Lupus in Men: Not as Rare as You Might Think
As a child, lupus was something I always knew about. I can’t say I knew exactly what it was, but I knew it was something my grandfather had (amongst a myriad of other illnesses). I had never associated the disease with one sex or the other until I began displaying symptoms and did a little bit of digging.
To my surprise, I found that most people who are diagnosed with lupus are women in their childbearing years. Going to support groups I met a couple of men here and there, but they were far from the majority.
The Lupus Foundation of America states that 90 percent of newly diagnosed patients are women between the ages of 15 and 44. However, this doesn’t mean that lupus can’t occur in men, children, or women above the age of 44.
Molly’s Fund estimates that around 150,000 men in the United States alone have lupus, meaning that it isn’t as rare as you may think. This statistic means that there are likely close to a million men worldwide who suffer with lupus. And my grandfather, having been diagnosed as an older man, is one of the few examples of an atypical lupus patient.
Although as a man you may feel less supported in your lupus journey because many support groups and literature are aimed at women, you should be aware that you are not alone — there are many men out there going through the same thing you are.
Additionally, the disease is treated similarly in men and women (although each individual’s case of lupus is different), so attending support groups with mixed sexes or with mostly women doesn’t mean you won’t be able to relate to the issues other patients have.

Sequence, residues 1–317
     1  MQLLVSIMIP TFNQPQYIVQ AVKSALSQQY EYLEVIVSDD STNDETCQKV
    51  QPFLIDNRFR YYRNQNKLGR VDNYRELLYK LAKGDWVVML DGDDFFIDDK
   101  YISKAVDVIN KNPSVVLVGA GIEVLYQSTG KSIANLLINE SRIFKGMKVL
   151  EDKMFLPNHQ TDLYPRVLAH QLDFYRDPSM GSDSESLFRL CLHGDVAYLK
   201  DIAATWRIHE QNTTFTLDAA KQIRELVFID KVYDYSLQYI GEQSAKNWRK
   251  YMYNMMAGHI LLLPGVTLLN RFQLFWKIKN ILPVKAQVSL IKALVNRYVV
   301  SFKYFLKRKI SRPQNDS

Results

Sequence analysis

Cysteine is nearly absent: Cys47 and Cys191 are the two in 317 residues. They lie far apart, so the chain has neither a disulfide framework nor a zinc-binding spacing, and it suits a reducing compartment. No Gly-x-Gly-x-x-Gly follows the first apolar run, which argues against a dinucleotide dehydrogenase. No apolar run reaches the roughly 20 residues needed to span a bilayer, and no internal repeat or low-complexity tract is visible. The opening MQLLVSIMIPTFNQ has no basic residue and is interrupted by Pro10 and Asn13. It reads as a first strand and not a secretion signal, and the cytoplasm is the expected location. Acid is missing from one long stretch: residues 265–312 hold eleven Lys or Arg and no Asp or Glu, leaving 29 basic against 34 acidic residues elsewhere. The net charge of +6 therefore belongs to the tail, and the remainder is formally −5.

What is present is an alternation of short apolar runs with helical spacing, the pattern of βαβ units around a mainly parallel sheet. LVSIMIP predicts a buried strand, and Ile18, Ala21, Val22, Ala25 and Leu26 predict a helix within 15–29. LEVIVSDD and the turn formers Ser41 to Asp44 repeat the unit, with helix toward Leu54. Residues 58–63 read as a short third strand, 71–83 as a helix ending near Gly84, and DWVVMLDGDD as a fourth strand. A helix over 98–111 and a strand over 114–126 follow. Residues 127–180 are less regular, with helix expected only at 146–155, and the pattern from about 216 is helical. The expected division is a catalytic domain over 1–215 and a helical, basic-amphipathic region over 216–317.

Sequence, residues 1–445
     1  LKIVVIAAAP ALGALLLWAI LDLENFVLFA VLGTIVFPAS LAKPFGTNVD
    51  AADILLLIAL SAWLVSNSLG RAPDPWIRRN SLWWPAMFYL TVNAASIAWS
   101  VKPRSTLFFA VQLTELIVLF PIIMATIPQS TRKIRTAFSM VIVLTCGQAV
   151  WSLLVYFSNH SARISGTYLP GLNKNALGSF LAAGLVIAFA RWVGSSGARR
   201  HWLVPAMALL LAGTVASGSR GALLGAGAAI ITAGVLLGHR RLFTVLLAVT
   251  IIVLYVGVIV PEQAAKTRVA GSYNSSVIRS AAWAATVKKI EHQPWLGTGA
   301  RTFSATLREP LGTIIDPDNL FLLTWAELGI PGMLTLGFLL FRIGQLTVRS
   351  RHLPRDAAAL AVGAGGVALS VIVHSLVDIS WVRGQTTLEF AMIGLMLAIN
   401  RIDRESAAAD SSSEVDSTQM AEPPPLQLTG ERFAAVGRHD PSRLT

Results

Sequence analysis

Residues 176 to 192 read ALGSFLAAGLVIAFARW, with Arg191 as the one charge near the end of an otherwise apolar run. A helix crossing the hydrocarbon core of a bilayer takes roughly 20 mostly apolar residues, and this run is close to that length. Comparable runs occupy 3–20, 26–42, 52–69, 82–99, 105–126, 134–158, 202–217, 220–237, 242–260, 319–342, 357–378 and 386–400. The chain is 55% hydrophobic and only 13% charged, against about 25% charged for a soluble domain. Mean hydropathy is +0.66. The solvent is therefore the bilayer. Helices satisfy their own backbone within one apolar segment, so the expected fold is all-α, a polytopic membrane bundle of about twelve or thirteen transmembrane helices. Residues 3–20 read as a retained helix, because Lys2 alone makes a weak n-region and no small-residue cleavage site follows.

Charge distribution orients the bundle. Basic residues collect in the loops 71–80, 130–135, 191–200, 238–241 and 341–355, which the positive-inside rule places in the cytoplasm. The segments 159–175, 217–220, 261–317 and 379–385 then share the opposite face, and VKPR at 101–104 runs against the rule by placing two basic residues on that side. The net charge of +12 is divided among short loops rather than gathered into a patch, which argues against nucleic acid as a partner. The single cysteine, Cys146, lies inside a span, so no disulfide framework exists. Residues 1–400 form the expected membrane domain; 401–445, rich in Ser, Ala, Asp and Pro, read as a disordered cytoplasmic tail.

Differences Between Male and Female Lupus Patients
There are very few differences in how lupus manifests in men compared to women. For one, the Lupus Foundation of America states that lupus actually gets better with age for women as menopause sets in, whilst it can be known to be worse for men as their testosterone levels drop.
Of course, like anything else with lupus, this varies considerably from patient to patient.
Aside from the possibility of lupus worsening in age, there is one other distinct difference for young men with lupus who have not yet had children and who will be undergoing treatment such as chemotherapy.
As chemo for lupus can decrease fertility, or erase it altogether, it is important for the patient who may want to have children in the future to look into options such as freezing the sperm or eggs.
For women, collecting eggs for later implantation can be a pretty invasive procedure, but men can very easily store their sperm for later use. This makes one less thing for a man undergoing serious lupus treatment to worry about.